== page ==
Provincial and sub-provincial overview

In May, 72,000 people received regular EI benefits in Alberta, down 7.2% from the previous month. EI recipients in the province have been declining since December 2016, coinciding with improved labour market conditions after the downturn in oil prices. Data from the Job Vacancy and Wage Survey show that job vacancies in Alberta rose 9.3% on a year-over-year basis in the first quarter of 2017, the first increase since the first quarter of 2015, when data collection for the survey began. All areas in Alberta recorded decreases in the number of beneficiaries in May, including the census metropolitan areas (CMAs) of Edmonton (-7.5%) and Calgary (-6.9%).

In the 12 months to May, the number of EI recipients in Alberta declined by 11.1%—the first year-over-year decrease in the province since November 2014, when the downturn in oil prices began. The size of this decline is partly attributable to an atypical increase in beneficiaries in northern Alberta in May 2016, associated with the wildfires and evacuation of residents in that area. Over one-third (34.6%) of the decline in beneficiaries in the 12 months to May occurred in the census agglomeration (CA) of Wood Buffalo.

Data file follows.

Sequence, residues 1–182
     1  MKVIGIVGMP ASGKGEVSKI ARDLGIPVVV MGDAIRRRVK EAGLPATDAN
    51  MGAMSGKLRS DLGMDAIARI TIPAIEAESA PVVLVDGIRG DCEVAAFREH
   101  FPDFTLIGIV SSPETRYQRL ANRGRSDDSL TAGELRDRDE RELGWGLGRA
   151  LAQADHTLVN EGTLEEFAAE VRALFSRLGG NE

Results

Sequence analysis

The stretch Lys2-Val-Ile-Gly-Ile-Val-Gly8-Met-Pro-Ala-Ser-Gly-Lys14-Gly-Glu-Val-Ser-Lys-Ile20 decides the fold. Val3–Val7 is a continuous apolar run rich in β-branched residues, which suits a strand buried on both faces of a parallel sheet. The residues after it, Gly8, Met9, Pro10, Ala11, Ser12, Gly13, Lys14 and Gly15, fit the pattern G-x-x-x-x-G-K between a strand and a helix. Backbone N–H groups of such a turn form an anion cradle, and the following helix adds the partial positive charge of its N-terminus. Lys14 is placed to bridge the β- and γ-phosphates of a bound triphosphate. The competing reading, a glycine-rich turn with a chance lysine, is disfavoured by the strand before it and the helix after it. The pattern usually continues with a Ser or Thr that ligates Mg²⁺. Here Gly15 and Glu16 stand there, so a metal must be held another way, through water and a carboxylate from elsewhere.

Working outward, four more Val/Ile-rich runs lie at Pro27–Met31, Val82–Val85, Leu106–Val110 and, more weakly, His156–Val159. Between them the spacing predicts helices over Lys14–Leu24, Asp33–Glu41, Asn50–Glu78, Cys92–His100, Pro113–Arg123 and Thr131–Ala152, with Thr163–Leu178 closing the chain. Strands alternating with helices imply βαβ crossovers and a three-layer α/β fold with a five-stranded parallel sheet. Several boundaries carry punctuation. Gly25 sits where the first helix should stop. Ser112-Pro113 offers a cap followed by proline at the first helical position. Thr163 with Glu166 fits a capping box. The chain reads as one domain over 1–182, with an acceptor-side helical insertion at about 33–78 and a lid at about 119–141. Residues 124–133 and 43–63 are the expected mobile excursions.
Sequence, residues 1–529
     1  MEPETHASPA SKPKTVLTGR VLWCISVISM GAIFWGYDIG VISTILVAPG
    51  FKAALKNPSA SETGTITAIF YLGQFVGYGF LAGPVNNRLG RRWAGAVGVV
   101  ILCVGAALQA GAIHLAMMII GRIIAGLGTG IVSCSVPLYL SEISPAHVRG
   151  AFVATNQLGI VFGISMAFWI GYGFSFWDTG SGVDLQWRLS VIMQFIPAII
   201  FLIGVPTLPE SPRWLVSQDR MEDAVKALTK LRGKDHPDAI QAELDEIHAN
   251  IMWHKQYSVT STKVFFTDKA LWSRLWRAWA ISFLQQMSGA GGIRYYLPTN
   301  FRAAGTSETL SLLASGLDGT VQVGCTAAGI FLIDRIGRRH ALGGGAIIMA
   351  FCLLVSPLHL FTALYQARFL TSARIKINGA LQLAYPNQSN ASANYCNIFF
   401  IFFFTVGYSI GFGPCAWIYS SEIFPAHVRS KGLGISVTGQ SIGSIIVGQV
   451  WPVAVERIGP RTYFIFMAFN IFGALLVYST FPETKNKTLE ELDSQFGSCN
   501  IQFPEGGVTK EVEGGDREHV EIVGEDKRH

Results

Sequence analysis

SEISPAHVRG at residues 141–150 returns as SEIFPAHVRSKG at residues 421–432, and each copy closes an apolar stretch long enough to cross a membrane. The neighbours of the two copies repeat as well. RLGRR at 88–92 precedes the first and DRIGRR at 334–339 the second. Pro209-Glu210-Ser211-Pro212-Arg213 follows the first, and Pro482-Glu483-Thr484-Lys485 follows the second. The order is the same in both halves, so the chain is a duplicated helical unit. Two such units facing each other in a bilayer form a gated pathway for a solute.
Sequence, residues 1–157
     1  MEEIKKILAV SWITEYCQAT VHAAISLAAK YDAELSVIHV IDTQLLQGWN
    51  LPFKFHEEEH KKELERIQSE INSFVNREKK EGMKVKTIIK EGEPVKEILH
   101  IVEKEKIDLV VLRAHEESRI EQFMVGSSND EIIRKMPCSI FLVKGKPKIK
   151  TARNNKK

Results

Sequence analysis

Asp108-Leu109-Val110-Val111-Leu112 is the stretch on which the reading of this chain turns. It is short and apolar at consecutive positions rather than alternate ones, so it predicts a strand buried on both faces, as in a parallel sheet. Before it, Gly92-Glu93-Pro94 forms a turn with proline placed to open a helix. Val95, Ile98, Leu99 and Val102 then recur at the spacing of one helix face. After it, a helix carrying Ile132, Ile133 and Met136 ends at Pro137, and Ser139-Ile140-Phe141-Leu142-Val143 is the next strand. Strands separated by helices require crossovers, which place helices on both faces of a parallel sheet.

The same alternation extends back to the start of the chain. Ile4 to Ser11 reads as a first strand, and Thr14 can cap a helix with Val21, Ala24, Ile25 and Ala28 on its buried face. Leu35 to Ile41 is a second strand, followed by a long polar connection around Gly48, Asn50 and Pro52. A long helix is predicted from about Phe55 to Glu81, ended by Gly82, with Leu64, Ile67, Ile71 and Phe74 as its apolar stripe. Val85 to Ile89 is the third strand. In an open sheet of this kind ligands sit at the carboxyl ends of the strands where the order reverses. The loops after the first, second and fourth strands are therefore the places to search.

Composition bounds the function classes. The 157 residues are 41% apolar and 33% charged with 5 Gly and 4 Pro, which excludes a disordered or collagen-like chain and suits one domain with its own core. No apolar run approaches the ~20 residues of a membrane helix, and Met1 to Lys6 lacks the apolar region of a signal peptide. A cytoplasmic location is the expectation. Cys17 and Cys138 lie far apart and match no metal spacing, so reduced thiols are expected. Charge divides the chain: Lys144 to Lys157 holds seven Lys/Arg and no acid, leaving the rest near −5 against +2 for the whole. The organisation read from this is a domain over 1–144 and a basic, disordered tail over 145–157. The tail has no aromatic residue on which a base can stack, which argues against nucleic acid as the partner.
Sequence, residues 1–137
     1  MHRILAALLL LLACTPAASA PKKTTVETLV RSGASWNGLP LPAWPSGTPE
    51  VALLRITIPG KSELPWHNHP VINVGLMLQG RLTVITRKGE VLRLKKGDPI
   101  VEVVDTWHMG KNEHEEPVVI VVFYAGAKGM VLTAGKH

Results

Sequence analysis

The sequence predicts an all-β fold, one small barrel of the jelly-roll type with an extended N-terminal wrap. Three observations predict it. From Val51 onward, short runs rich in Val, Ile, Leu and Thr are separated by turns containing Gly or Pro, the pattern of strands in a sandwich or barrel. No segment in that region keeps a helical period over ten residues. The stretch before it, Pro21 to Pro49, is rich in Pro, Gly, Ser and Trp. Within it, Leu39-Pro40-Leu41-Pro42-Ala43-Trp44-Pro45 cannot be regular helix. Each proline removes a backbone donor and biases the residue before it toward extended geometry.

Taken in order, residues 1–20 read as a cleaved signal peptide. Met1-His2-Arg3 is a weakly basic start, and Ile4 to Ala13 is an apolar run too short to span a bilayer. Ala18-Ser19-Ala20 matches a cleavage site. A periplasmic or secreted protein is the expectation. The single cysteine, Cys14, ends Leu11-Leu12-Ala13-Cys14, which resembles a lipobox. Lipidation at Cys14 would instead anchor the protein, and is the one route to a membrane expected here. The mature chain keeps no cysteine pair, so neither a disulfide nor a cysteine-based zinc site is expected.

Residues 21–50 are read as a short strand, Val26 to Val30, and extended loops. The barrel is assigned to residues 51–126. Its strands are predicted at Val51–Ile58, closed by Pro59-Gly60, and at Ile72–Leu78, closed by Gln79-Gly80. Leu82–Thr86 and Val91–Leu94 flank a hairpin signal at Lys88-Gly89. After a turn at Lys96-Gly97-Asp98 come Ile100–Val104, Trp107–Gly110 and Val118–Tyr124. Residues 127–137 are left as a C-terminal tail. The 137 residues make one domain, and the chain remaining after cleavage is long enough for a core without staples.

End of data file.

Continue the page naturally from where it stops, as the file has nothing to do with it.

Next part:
The number of beneficiaries in British Columbia fell 3.5% from the previous month to 50,900 in May. Declines were spread across the province, most notably in the CMAs of Abbotsford–Mission (-8.7%), Victoria (-3.7%) and Vancouver (-3.2%). Compared with May 2016, EI recipients declined 5.1%. The number of beneficiaries in British Columbia has been on a downward trend since November 2016. According to data from the Labour Force Survey (LFS), employment in the province grew by 4.2% on a year-over-year basis, continuing an upward trend that began in spring 2015.

In Prince Edward Island, 7,700 people received benefits in May, down 3.3% from the previous month. Declines were observed throughout the province, driven by decreases in the CAs (-6.0%). Prince Edward Island was one of three provinces to post year-over-year increases, with a 3.4% rise in beneficiaries compared with May 2016.